The importance of the public interest has been the central tenet of Professor Caroline Ncube’s formidable career.
The National Research Foundation-rated researcher has, among many other achievements, served as deputy dean of postgraduate studies and head of the Department of Commercial Law in the University of Cape Town’s Faculty of Law.
In her inaugural lecture, “The public interest in intellectual property law: African solutions to global challenges”, Ncube traversed her academic journey, gave an overview of her past and ongoing research success, and presented a snapshot of the themes that have emerged in intellectual property (IP) law over the past 16 years.
“A colloquial way of defining intellectual property is to say that it is any creation of the human mind,” she began.
“Intellectual property is ever present in our lives and we intersect with it almost without noticing. We create it and use intellectual property created by others all the time. Indeed, today all of us have had numerous encounters with it.”
To demonstrate the various ways in which individuals interact with IP works on a daily basis, Ncube asked attendees to think back to their morning routine.
“This morning you might have glanced at a newspaper, had some coffee, taken your multivitamins, brushed your teeth, had a 90-second shower and dressed before driving or catching a ride to wherever you needed to be.”
Each of these things was created by a human mind. IP laws protect the rights of this creator, author or innovation. In short, the IP law system governs different kinds of knowledge.
“The newspaper articles you read, including any pictures and illustrations, are protected by copyright. The coffee you drank may be sold under a big brand protected by a trademark. This also would apply to the toothpaste you used, the clothing you are wearing and the vehicle you rode in.
“The pharmaceutical make-up of your multivitamins is probably protected by patents, as is the water-saving shower head fitted on your shower.”
Promoting human rights
Ncube has published widely on IP in Africa. Her body of works holds as its centre that IP rights are exercised in an environment that prioritises certain values and is committed to protecting human life.
“As humanity, we collectively value human well-being and have a human rights framework that protects various aspects, such as the rights to dignity, life, health and education,” she explained.
How then does one balance the rights of individuals needing to access protected works, like medicine, or educational resources, with the rights of authors?
The answer, Ncube argued, lies in the notion of public interest.
But what exactly is the ‘public interest’?
“In my work, I have argued that it [the public interest] is the developmental aspirations that a country gives voice to through its constitution, laws, policies and plans,” she said.
Given that countries are at varied stages of development, and have unique systems of laws, it is clear why Ncube disagrees with a one-size-fits-all IP system.
IP laws, policies and plans should be uniquely crafted, while adhering to agreed international minimum standards of protection, she said.
Much of Ncube’s work has focused on answering the following questions: Who wants to access and use works and innovations, and why?
Consumption for day-to-day living – having food to eat, clothing to wear and technology to use – is one reason why we need to access works. Those looking to innovate further might also seek to access works, to fuel their own creative processes.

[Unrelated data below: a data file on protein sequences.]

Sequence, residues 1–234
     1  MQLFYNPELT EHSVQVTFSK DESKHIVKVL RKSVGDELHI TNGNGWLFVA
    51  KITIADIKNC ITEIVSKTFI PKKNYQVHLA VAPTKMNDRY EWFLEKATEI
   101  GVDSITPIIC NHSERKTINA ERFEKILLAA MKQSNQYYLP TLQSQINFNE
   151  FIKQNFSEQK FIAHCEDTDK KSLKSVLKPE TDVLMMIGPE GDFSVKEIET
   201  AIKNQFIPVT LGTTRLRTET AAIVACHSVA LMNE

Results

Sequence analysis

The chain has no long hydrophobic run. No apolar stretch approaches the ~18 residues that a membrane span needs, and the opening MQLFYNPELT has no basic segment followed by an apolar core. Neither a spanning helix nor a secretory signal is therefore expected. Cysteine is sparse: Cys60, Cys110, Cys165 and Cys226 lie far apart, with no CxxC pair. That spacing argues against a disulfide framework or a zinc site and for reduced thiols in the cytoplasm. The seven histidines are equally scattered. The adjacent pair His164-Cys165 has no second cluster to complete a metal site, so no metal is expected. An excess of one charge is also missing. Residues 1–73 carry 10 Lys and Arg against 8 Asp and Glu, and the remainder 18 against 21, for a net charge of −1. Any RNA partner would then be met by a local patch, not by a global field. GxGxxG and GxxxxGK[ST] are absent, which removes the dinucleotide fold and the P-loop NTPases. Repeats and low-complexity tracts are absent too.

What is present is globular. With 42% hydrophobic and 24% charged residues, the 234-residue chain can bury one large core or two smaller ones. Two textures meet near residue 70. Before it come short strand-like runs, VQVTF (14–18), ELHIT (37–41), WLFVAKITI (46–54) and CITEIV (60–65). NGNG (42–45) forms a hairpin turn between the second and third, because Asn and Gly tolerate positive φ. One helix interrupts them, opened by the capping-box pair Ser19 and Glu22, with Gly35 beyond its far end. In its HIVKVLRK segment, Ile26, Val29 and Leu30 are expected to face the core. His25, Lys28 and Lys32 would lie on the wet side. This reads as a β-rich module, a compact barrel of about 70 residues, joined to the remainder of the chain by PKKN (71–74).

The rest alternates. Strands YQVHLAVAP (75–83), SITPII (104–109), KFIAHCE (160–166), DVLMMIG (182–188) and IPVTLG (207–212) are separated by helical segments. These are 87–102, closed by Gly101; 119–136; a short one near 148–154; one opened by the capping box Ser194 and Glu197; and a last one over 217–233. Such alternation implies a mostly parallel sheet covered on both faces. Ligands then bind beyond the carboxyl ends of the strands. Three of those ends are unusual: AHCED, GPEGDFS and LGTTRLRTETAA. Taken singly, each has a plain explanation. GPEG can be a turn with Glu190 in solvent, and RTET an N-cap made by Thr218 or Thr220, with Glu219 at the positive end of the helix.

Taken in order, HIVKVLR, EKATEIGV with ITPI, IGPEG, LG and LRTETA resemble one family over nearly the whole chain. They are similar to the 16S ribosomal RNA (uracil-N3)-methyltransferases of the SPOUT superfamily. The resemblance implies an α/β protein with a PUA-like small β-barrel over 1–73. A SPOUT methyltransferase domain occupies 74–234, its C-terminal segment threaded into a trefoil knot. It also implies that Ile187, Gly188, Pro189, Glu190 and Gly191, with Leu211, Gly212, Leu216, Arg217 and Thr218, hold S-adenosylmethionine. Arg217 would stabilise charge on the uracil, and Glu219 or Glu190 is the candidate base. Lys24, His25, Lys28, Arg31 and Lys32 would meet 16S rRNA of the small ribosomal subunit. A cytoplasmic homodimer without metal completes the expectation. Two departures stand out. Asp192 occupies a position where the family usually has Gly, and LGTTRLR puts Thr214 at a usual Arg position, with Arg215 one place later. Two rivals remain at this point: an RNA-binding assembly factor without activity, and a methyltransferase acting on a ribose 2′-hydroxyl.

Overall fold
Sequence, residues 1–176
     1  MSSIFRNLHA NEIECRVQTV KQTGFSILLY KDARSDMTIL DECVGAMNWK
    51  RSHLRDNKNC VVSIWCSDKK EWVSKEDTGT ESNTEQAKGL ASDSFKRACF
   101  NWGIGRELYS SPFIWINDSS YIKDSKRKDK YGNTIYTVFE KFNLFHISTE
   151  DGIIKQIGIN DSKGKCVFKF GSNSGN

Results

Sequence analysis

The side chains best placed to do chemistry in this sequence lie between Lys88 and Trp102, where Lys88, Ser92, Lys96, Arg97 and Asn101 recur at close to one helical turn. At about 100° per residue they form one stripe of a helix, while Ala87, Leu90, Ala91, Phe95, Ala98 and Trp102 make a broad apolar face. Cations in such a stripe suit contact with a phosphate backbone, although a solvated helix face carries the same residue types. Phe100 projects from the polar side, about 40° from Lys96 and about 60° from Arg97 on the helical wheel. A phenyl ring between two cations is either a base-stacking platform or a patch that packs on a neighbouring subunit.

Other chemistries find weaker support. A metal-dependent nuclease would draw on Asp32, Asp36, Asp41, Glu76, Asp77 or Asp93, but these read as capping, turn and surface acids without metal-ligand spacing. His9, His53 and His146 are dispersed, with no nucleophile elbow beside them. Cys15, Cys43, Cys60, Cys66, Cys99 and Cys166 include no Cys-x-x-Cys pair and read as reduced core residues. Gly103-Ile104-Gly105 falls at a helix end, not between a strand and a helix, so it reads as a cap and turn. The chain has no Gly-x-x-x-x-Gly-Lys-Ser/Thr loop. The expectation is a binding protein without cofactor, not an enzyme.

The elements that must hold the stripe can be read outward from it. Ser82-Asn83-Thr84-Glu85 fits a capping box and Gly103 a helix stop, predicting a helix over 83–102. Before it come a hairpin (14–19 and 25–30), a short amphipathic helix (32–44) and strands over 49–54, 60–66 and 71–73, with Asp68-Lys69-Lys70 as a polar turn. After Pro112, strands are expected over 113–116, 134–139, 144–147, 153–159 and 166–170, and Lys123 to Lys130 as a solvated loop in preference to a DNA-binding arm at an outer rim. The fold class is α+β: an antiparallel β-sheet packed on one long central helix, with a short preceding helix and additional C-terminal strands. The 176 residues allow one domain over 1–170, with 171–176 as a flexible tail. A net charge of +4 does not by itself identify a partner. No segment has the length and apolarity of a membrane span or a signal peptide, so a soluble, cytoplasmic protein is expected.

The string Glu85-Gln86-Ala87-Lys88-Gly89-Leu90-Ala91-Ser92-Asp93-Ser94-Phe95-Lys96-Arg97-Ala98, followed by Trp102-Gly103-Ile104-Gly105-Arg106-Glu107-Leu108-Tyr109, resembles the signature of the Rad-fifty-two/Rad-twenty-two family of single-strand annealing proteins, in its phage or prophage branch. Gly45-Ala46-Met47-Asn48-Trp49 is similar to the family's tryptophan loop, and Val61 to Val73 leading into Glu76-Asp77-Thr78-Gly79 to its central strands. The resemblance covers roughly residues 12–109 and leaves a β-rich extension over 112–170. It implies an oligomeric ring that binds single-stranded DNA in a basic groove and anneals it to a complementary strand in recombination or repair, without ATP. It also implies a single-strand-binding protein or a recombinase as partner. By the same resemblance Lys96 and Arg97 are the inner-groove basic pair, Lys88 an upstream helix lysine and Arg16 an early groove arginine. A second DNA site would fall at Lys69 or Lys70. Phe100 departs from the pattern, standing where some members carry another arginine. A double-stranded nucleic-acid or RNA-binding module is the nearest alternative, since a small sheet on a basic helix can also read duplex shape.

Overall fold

Ncube argued that the public interest should serve as the guide to create a fair system that facilitates access for these reasons.
A balancing of interests
IP law is a balancing act. That much is clear from Article 15 of the International Covenant on Economic, Social and Cultural Rights, which forms the basis of the protection of IP rights.
“This article recognises the right of authors and innovators to benefit from protection of economic and moral interests in works they have created,” she explained.
But this same article also recognises the right of everyone to participate in and enjoy culture, and to benefit from scientific progress and its use.
This tension is perhaps most apparent in relation to patents and access to medicine.
“You will appreciate that when dealing with some widespread illnesses like HIV and AIDS and some illnesses that affect mostly the developing world, such as malaria and TB, we have quite a hotly contested policy space.”
But international minimum standards provide space for countries to make their own laws catering for the public interest in such instances.
Ncube’s own work has focused on assessing how South Africa is using these public interest mechanisms. She has argued that the patent protection requirements and the application process can be strengthened.
Shoehorn or custom fit
But not all kinds of knowledge fit into IP norms, Ncube noted.
She returned to her example of the morning routine. Suppose instead of a multivitamin, you took a herbal mixture that stemmed from the knowledge of an indigenous community, she said.
How can the law best protect indigenous knowledge and ensure that these communities have an equitable share in the benefits of their knowledge?
“There is tension between IP norms and African indigenous knowledge governance systems,” Ncube said.
For instance, classic copyright law supposes a single author, whereas the bedtime stories told to her by her grandmother and aunts were imagined by many members of the family – with each generation embellishing the tale.
“It is difficult to shoehorn this into copyright protection because there is no clearly identifiable author, nor is the story original.”
Instead of shoehorning such scenarios into existing IP law, one needs to custom-make protections, and these protections need to be informed by the existing governance systems of communities.
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